Maintenance is required every 2 years or 30,000km, whichever comes first. A service pack for the first 4 years (2 services) is available at $560 per service.

Final thoughts - should you buy the 2023 Hyundai Ioniq 6 Dynamiq?

Hyundai has achieved its goal of making a car that stands out from the crowd; with its mind-boggling futuristic exterior looks, interesting and premium eco-friendly materials on the inside, and surprisingly adept performance and handling, combining to produce a genuinely compelling case for why the Tesla Model 3 might just be going out of favour very soon.

However, with only just over 200 Dynamiq models making their way to our shores down under, you definitely won’t get sick of seeing them on the roads either. I think for the price point, the Hyundai Ioniq 6 fulfills the niche of eco-warriors who want to drive fast and look cool while doing so, and also get access to all the modern driving conveniences with no compromises. After my impressions of the Ioniq 5 last year, I had sky-high expectations for this new Sedan EV and I am happy to say that I have not been disappointed, and I don’t think you will be either.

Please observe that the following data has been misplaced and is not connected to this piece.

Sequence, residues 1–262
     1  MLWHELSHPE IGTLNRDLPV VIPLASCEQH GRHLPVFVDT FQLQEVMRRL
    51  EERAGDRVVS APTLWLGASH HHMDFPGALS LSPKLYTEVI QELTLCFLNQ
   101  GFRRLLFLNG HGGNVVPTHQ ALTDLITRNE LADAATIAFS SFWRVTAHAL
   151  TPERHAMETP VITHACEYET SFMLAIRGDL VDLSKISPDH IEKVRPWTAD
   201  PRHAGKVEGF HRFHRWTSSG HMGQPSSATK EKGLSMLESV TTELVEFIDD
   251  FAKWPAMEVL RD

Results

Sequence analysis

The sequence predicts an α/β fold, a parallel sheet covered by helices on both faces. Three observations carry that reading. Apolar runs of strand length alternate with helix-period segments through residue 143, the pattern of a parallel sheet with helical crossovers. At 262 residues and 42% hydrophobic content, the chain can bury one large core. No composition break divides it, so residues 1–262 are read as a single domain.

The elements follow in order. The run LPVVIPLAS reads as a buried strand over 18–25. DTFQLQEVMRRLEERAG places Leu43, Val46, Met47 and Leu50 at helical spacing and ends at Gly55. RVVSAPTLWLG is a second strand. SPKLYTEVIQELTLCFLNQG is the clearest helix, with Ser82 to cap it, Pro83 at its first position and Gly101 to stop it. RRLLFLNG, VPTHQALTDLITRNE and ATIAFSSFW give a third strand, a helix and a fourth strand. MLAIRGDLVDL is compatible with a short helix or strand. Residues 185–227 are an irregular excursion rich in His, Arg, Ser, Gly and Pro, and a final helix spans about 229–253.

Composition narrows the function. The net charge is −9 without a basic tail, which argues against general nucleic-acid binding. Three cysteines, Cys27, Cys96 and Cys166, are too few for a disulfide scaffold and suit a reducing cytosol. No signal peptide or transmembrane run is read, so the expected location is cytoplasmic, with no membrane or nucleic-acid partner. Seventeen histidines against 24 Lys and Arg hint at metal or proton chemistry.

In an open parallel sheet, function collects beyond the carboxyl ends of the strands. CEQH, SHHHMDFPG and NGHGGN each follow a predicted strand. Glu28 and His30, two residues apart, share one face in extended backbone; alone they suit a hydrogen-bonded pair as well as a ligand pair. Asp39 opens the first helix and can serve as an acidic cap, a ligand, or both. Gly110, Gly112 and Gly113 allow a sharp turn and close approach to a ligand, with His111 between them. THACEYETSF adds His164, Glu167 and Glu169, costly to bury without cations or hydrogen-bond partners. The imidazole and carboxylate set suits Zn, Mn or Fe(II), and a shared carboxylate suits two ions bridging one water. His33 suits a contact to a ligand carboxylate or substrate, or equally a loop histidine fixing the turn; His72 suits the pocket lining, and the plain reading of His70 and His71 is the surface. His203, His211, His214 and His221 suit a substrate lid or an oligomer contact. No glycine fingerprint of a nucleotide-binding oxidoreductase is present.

Saucey score breakdown

Maintenance Costs and Warranty
Fuel (or EV) Efficiency
Interior Design and Features
Value for Money
Technology and Innovation
Is it fit-for-purpose?
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Jacob Brooke
Jacob Brooke, a respected voice in the world of automotive journalism, brings a wealth of knowledge and insights to his reviews at CarSauce. His keen eye for detail and passion for all things cars shine through in his in-depth analysis and honest evaluations of the latest models of cars. Join him as he guides readers through the car-buying process and explores the exciting world of motoring.
Car specs

168kW + 350Nm

$74,000 + On-roads

614km Range (WLTP)

5-Star ANCAP

Buy a Car!
No Obligations, Hassle Free.